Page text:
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IPR weekly Highlights (32)

8 (Demo)
TRADEMARK
BHARATPE & PHONEPE AMICABLY RESOLVE THEIR TRADEMARK DISPUTE

The two India-based Fintech entities BharatPe and PhonePe have reached an amicable settlement with respect to their long-standing trademark dispute over the ‘Pe’ suffix, thereby bringing an end to over five years of their legal battle. In 2021, PhonePe’s request for an interim injunction was refused by the Delhi High Court on the grounds that firstly, the term ‘Pe’ is a generic and common abbreviation for ‘Pay’ in the digital segment and could therefore not exclusively be owned by a single entity. Secondly, the two brands are distinctive and they serve different consumers; PhonePe caters to individual consumers, while BharatPe focuses on merchants. Thirdly, the evidence presented to show consumer confusion was insufficient.

With the present settlement agreement, the two companies, have acknowledged the generic nature of the brands and have agreed to make minor adjustments in their branding strategies to avoid any potential consumer confusion.

Further, they have agreed to withdraw all oppositions against the other in the trademark registry, in order to enable the two to register their respective marks, and to take all the necessary steps required to meet the obligations under the agreement in respect of the cases pending before the Delhi and Bombay High Courts.

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TRADEMARK
NIKE’S PARTIAL VICTORY OVER ADIDAS

A German Court has approved Nike’s use of three stripes on some of its trouser designs in Germany. This marks the second appeal of the US sports apparel giant against the decision of the Duesseldorf regional court which had prohibited Nike from using two or three stripes on five of its designs in response to the trademark violation suit filed by Adidas in 2022. Pursuant to the recent decision, Nike is now permitted to use the stripes on four of the disputed models, while the ban on one remaining model continues to persist.

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TRADEMARK
DIAGEO WINS BULLEIT BOURBON TRADEMARK APPEAL

The liquor giant Diageo has successfully persuaded the 2nd U.S. Circuit Court of Appeals to uphold the ban on W.J. Deutsch’s Redemption’s use of a bottle design, which was found to be deceptively similar to Diageo’s Bulleit bourbon packaging. The liquor company had sued the Connecticut-based Deutsch company in 2017 for creating the same “vintage style and appearance” as Bulleit’s, in order to leverage their reputation for commercial success. In response to the suit, a jury in 2022 determined that the similarity in the bottles diluted the distinctiveness of Bulleit’s bottles.

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PATENT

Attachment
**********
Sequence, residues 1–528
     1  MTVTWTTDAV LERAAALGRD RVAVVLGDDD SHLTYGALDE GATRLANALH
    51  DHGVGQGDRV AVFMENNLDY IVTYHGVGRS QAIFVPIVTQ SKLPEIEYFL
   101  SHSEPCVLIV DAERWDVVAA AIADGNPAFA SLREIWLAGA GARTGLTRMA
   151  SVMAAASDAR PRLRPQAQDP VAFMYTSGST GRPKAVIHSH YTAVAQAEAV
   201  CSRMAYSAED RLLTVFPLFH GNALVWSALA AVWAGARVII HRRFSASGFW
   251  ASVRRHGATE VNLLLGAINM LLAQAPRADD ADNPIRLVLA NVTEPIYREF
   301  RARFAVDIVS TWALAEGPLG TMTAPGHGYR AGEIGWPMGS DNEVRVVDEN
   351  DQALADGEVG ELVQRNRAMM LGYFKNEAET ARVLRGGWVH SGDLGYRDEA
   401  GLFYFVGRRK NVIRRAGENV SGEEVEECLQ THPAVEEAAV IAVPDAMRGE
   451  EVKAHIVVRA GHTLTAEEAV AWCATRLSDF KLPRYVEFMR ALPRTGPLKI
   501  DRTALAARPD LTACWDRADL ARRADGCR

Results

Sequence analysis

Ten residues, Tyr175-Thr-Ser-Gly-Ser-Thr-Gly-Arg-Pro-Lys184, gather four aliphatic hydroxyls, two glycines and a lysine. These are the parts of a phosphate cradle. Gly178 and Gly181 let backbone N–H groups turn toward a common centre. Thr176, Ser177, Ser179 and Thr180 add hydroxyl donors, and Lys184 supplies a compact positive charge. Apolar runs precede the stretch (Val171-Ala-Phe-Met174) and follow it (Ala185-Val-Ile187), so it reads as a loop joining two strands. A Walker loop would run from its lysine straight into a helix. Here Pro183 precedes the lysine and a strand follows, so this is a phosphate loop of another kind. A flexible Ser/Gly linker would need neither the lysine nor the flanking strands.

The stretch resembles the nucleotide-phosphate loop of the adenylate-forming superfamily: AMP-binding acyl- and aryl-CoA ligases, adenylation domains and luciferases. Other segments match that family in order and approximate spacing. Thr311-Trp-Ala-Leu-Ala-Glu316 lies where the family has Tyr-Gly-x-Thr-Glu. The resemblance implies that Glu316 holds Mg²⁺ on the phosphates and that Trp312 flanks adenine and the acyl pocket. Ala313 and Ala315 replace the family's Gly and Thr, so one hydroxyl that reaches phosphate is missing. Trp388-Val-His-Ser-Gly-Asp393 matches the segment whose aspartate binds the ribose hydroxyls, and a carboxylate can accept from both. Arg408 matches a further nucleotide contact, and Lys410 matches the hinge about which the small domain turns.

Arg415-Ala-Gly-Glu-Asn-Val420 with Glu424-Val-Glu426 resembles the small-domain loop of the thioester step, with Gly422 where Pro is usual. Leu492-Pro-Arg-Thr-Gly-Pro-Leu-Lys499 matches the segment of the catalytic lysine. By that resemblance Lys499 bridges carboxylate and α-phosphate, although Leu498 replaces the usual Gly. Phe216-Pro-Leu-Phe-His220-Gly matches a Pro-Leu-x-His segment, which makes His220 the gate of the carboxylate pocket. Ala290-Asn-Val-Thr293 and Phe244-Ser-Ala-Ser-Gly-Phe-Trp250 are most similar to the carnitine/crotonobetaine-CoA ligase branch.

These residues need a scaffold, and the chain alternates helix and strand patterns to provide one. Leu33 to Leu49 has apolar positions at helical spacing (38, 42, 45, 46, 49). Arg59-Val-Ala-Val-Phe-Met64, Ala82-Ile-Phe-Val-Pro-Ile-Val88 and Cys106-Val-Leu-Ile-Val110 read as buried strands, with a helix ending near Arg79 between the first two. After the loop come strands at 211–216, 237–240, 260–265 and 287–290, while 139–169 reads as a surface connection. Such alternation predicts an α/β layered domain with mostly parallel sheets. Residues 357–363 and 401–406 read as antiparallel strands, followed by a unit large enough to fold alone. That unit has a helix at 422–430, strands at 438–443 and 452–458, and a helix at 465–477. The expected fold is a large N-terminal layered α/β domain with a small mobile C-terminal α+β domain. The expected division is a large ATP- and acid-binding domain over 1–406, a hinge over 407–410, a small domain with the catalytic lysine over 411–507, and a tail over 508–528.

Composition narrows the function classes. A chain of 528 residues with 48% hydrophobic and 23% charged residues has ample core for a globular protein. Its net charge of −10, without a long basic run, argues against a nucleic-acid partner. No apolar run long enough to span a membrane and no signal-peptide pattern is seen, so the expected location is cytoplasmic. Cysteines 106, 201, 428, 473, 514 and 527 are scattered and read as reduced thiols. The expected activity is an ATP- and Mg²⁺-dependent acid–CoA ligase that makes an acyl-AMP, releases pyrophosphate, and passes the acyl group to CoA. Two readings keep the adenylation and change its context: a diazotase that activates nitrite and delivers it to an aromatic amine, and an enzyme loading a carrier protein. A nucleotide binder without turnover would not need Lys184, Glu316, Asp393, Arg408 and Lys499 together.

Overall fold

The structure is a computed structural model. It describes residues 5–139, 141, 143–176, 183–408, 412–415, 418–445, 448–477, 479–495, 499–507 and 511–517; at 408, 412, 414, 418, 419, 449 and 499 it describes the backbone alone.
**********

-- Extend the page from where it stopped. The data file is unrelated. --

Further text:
WIPO TREATY ON IP, GENETIC RESOURCES, TRADITIONAL KNOWLEDGE

Existing patent legislations lack any mandatory provision for patent applicants to disclose the country of origin from where the invention has based its genetic resources. After two decades of negotiations, and with collective support, the WIPO treaty on intellectual property, genetic resources, and associated traditional knowledge has been adopted with the consensus of more than 150 countries. Pursuantly, in applications where an innovation claimed is based upon traditional knowledge linked to genetic resources, all parties concerned shall oblige applicants to identify the local community or Indigenous Peoples that contributed the customary knowledge. Thus, the treaty obliges every patent applicant to disclose the nature of origin or the source of genetic materials.

India played a crucial role during these negotiations. It was the only country to prepare a detailed paper on the subject of the treaty negotiations. Consequent to this treaty, the contracting states will have to make amends in their existing legal framework for enabling aforesaid disclosures in patent applications.

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PATENT
PATENT PROTECTION FOR GOA’S PIONEERING “COCOBOT”

In Goa, initially, the traditional coconut harvesters climbed tall trees for harvesting. In a revolutionary movement, The Indian Council of Agricultural Research’s Central Coastal Agricultural Research Institute (ICAR-CCARI), along with Goa University, introduced “Cocobot,” an autonomous fruit-picking machine explicitly designed for Goa’s abundant coconut crop. This machine is operated from the ground along with a camera and a robotic arm to locate and collect coconuts. It is estimated that this technology can harvest approximately 12-15 coconuts per hour. This machinery is viable for other crops as well such as nuts.